How to use Wistia: After you’ve uploaded your video, you can hop into the settings and add things like call-to-action buttons or email capture formsat the end of the video. Wistia also makes it easy to view heat-maps and seeing trends of your videos, like how far most people get through your video, when they pause or click, etc.
13. Share buttons: SumoMe Share
Paid option, if you can bear it: Easy Social Share Buttons
The ubiquitous share buttons you see along the side of blog posts, many of them come from SumoMe. The any-website buttons (you don’t have to run a WordPress blog to use them) are part of the SumoMe suite of website products. If you’re okay with some SumoMe branding, you can add the buttons for free to any page and customize the networks that appear by default.
How to use SumoMe Share: SumoMe gives you a lot of control over the appearance of the share buttons, both in which buttons are displayed and where on the page they’ll sit. One of the great features also is that they look good on mobile devices, so you maintain an excellent way to encourage sharing no matter where your audience is reading.
14. Analytics: Segment
Paid option if you can spare it: Usability Tools
We’ve heard Segment described as the one and only interface you’ll ever need for all your third-party apps. And we sure do see it recommended a lot. From what we can gather, Segment makes it easy for anyone — engineer or not — to connect new software to your website; once the Segment snippet is added, you can connect other apps like Google Analytics, MailChimp, etc. just by clicking around in your Segment dashboard. Segment handles all the visitor data for you.
How to use Segment: Rob Sobers put together a really handy guide to how he’s set up Segment for his SaaS business.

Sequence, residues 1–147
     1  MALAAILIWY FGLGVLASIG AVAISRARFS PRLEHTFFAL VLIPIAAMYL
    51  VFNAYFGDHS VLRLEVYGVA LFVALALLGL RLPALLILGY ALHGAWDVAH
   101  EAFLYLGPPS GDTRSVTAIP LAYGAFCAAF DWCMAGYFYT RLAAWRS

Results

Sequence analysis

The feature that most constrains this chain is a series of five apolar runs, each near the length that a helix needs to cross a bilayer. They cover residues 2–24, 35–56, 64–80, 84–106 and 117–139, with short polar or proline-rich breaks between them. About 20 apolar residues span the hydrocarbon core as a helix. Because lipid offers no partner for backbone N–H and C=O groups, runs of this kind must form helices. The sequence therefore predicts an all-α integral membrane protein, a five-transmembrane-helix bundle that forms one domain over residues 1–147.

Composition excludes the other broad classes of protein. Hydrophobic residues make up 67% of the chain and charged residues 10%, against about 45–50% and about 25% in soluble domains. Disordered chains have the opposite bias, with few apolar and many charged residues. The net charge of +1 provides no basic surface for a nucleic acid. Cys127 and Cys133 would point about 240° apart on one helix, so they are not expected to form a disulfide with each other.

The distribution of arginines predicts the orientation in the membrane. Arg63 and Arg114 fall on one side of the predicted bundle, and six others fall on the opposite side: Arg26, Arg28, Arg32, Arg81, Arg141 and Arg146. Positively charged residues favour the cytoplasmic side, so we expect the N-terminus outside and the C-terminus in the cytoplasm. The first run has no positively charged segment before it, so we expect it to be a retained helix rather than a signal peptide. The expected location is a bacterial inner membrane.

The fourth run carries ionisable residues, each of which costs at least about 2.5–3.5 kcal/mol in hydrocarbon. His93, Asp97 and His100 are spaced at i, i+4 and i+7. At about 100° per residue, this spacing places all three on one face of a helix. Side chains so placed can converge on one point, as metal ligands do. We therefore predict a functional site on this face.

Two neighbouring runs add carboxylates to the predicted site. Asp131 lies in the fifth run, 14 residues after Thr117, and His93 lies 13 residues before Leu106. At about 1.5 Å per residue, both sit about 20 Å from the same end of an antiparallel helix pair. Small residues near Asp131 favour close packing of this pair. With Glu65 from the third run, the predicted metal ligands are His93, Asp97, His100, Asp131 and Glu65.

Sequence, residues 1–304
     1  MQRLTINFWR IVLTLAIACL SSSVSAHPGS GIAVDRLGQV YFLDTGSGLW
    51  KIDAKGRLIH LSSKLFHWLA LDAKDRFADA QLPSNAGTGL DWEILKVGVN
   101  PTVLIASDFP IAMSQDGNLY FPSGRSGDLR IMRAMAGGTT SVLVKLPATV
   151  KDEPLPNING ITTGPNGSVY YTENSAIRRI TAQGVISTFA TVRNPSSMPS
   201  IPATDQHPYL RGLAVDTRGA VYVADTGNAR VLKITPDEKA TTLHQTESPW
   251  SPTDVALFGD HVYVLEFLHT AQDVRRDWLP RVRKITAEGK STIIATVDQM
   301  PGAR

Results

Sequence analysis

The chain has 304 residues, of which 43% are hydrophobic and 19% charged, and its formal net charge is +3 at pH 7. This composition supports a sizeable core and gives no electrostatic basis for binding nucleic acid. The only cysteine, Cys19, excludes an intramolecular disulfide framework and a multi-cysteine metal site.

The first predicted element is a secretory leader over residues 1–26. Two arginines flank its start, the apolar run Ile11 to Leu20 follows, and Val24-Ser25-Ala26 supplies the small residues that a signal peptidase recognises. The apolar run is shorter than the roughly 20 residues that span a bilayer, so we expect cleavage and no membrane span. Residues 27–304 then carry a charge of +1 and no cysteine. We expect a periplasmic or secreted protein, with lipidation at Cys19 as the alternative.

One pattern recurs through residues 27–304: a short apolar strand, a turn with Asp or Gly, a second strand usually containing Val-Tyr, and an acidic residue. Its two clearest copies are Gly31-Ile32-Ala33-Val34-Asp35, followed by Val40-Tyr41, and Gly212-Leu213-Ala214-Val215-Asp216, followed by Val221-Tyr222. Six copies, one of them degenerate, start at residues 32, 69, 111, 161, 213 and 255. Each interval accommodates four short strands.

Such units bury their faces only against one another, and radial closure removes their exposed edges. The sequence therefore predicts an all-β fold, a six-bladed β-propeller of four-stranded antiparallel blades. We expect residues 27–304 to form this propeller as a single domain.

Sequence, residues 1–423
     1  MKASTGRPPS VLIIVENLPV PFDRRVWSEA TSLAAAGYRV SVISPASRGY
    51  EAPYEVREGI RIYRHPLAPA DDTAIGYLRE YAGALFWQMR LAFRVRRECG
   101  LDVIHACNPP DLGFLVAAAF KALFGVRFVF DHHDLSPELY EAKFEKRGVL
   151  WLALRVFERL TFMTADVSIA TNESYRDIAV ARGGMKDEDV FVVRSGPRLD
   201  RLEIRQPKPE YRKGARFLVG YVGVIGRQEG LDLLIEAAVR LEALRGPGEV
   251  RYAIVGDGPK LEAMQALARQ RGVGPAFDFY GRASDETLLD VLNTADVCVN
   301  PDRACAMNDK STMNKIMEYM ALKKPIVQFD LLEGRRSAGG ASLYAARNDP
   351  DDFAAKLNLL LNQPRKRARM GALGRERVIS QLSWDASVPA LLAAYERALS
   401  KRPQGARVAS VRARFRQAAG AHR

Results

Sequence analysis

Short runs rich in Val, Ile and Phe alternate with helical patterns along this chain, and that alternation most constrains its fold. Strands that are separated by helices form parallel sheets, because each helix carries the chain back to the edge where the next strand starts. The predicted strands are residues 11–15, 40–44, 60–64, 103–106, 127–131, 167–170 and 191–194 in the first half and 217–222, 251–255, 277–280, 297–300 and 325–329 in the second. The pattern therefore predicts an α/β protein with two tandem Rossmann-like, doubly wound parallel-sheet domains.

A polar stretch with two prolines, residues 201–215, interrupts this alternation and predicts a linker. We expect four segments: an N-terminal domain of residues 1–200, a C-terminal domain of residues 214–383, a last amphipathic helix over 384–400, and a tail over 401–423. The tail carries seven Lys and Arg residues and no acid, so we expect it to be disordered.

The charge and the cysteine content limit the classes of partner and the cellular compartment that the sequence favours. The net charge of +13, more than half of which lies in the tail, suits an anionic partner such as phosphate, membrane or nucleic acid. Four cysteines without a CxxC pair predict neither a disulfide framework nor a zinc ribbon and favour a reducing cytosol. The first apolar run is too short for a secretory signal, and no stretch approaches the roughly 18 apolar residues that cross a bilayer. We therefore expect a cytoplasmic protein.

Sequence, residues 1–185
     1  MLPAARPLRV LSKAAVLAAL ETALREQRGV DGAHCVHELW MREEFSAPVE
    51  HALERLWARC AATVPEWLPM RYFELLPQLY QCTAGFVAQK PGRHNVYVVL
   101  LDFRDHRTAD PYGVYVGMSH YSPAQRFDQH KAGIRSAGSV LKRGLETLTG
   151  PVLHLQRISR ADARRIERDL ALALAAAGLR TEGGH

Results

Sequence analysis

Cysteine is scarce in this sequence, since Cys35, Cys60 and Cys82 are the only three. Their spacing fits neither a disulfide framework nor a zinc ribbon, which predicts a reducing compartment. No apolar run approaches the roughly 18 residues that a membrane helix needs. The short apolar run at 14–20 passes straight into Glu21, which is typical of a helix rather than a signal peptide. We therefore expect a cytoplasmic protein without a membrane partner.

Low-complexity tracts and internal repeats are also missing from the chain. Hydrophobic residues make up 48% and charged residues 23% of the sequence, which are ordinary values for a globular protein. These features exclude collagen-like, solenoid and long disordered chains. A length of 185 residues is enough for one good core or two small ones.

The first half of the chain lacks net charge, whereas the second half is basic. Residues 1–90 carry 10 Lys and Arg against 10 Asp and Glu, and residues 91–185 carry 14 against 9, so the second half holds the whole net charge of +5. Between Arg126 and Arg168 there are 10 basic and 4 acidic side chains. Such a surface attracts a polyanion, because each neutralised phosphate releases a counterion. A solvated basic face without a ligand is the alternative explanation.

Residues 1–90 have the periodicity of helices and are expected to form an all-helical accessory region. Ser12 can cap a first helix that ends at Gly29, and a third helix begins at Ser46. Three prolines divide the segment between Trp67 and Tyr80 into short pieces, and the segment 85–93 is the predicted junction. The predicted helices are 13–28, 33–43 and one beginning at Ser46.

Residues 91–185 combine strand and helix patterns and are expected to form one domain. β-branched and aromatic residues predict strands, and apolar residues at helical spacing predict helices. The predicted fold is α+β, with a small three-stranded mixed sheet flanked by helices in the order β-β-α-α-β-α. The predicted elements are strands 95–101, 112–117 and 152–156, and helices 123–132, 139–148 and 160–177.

15. Testing: Peek
When it comes to understanding how people are using your website — A/B testing, user testing, that sort of thing — there are some really fantastic paid options that can give you lots of insights. There’s also Peek, a free tool from User Testing that lets you see and hear a five-minute video of a real person using your website.
How to use Peek: For first-time insights, you may wish to have a person go through your website or blog from the home page. Later on, you might ask for someone to test out a particular flow through your website by starting someone on a landing page. The tests take about 2–3 days to complete, and you can run three Peek tests every month.
Even More Free Marketing Tools!
We went digging for even more top free marketing tools in a variety of marketing categories. These tools — all quick hits you can get started with easily — focus on everything from research and writing to benchmarking and analyzing. Here’s hoping you find the perfect shortcut for your work!
Free Marketing Research Tools
We’ll start at the beginning: sites, researching topics, and ideas.
16. Google Scholar
We don’t know why more people don’t talk about Google Scholar, but we love this tool for researching science-heavy articles and digging into emerging studies. It limits your search to theses, articles, abstracts, books and court opinions, from academic publishers, online repositories, professional societies, universities and other web sites. Pair it with a Google Alert to get amazing research on your topics of interest delivered right to your inbox.